Understanding the Benefits of Human Capital Unification
How busy are you right now?
This week your HR team will handle a monumental amount of tasks. You might be recruiting, job marketing, training new staff, managing payroll, investigating complaints, writing policy, overseeing staff and many other day-to-day tasks that can bog down your department. You want to move things forward, implement new initiatives and effectively leverage human capital to achieve your company’s objectives, but sometimes you feel as if the wheels are spinning.
While organizations are increasingly reaping the benefits of unification strategies, we often encounter companies who are still struggling to find their footing and implement future-oriented processes for human capital management.
What Can You Do?
If only your team could use their skills to break from the traditional HR tasks, find and implement processes that unify employees and create a productive team culture. When your team is this busy doing the day-to-day tasks that keep the business afloat, it’s not surprising that you don’t have time or energy to implement innovative programs to promote growth and employee unification – programs that could ultimately improve corporate performance and ROI.
Company Unification Defined
Let’s define the meaning of company unification. This is the term used to define the blend of values and relationships associated with a company. It is the personality and association the organization has with its employees, and the connections it promotes between employees, teams, and departments. It includes the work atmosphere, employee interaction, and expectations. It also includes the software and processes you use to manage human capital, specifically how they support (or hinder) your culture objectives.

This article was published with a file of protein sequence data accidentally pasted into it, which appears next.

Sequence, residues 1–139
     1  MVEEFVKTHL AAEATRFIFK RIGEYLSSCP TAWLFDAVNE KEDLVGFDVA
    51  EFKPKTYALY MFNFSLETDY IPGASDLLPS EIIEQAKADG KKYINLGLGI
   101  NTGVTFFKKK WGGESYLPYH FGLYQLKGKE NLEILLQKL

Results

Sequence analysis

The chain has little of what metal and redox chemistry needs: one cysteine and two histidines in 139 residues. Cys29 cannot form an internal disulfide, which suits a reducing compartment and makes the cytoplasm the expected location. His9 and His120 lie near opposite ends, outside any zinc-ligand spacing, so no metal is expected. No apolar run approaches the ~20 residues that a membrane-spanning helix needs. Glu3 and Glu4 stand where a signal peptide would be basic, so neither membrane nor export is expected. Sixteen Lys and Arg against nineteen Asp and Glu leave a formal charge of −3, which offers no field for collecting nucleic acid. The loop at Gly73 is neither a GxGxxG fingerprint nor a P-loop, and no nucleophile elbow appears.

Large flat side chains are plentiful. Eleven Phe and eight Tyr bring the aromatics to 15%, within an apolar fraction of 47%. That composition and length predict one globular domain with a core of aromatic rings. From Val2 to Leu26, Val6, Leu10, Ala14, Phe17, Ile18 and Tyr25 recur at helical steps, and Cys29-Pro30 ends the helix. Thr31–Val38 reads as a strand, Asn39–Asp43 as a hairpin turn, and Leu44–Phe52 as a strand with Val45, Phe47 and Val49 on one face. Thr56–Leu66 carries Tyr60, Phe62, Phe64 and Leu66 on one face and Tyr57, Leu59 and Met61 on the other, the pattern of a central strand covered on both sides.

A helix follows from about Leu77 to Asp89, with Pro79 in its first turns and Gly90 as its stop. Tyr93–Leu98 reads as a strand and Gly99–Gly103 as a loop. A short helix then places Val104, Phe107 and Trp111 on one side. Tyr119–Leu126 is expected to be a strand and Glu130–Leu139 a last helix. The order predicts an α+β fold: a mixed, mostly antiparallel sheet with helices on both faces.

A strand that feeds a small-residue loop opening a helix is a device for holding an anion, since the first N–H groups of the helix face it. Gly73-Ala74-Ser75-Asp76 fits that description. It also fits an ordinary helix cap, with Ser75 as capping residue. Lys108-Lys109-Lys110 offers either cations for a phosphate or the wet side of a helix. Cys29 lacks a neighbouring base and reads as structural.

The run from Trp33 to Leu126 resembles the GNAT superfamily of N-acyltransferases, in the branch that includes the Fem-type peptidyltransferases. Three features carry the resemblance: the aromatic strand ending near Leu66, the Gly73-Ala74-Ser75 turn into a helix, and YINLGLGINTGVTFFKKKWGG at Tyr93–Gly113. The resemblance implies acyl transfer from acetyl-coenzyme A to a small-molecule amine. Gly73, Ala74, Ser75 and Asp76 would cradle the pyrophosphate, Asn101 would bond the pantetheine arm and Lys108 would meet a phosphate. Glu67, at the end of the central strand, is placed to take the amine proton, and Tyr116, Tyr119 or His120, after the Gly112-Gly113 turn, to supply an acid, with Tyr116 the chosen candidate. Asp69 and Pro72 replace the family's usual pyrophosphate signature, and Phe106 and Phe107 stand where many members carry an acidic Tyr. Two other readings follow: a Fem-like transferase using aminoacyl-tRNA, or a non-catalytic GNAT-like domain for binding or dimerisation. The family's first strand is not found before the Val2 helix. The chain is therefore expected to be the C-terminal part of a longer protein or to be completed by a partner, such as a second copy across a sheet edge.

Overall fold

Recent studies from Columbia Business School show that corporate unification (or lack thereof) has a direct impact on employee satisfaction, productivity and turnover rate.
“It is like the air we breathe – it’s everywhere yet invisible”, says Columbia Business School Professor Shivaam Rajgopal. When a company implements effective corporate unification processes, it is less likely to see unethical behavior, low job satisfaction, lack of motivation or short-term employment rates. This is why it is paramount that the HR department focuses attention on developing a positive organizational culture based on strategies and structures to promote employee unification.
The Advantages of Business Unification
When a company has a strong unification culture we see three things happen within the workforce:
- Employees feel valued
- People perform better
- They align their interests with those of the organization
Unification of human capital is vital to the organizational efficiency. Developing a positive business culture is an initiative your HR department should focus on, even if it means outsourcing some of those daily tasks. Why? Because it promotes company growth, improves internal and external communication, keeps employees motivated and happy, reduces employee turnover and improves productivity.
Developing positive business unification takes effort and requires you to make changes and implement new programs which may include exploiting external resources to maximize your efficiency.
It will make a significant difference in the way employees perceive and interact with the company, their overall job performance and ultimately, on the returns the company produces. A company with a positive unification culture only sees about a 14 percent employee turnover rate, whereas those companies with little unification effort see a turnover of about 48 percent. Such a significant increase in retention means your company will save time and money that you currently invest in recruiting, interviewing and training new staff members.
Help Your HR Organization Find A Unified Voice
In April we’re releasing our whitepaper, Achieving Human Capital Unification. Our latest content is designed for human resources departments operating in lean manufacturing organizations. It provides simple steps to begin building a successful human capital unification strategy and a list of 11 resources you shouldn’t miss.
If you’d like to receive this whitepaper as soon as it’s published, please click here.